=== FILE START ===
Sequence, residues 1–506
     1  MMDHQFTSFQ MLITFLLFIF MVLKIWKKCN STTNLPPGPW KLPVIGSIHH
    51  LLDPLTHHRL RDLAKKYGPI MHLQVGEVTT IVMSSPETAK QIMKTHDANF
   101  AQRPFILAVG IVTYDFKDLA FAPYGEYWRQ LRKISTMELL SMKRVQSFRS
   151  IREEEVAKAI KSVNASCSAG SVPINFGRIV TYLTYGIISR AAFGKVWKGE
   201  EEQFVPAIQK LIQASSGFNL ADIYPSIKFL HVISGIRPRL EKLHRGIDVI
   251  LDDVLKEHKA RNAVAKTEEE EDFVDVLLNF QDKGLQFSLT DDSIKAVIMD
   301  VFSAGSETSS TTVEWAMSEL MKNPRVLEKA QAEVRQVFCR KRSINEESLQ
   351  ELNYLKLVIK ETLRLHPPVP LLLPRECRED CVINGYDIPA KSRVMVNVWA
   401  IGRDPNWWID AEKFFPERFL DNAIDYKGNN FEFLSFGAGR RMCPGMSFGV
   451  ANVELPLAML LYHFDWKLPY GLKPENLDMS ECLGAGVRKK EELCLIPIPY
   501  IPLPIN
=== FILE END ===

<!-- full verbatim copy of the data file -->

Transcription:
Sequence, residues 1–506
     1  MMDHQFTSFQ MLITFLLFIF MVLKIWKKCN STTNLPPGPW KLPVIGSIHH
    51  LLDPLTHHRL RDLAKKYGPI MHLQVGEVTT IVMSSPETAK QIMKTHDANF
   101  AQRPFILAVG IVTYDFKDLA FAPYGEYWRQ LRKISTMELL SMKRVQSFRS
   151  IREEEVAKAI KSVNASCSAG SVPINFGRIV TYLTYGIISR AAFGKVWKGE
   201  EEQFVPAIQK LIQASSGFNL ADIYPSIKFL HVISGIRPRL EKLHRGIDVI
   251  LDDVLKEHKA RNAVAKTEEE EDFVDVLLNF QDKGLQFSLT DDSIKAVIMD
   301  VFSAGSETSS TTVEWAMSEL MKNPRVLEKA QAEVRQVFCR KRSINEESLQ
   351  ELNYLKLVIK ETLRLHPPVP LLLPRECRED CVINGYDIPA KSRVMVNVWA
   401  IGRDPNWWID AEKFFPERFL DNAIDYKGNN FEFLSFGAGR RMCPGMSFGV
   451  ANVELPLAML LYHFDWKLPY GLKPENLDMS ECLGAGVRKK EELCLIPIPY
   501  IPLPIN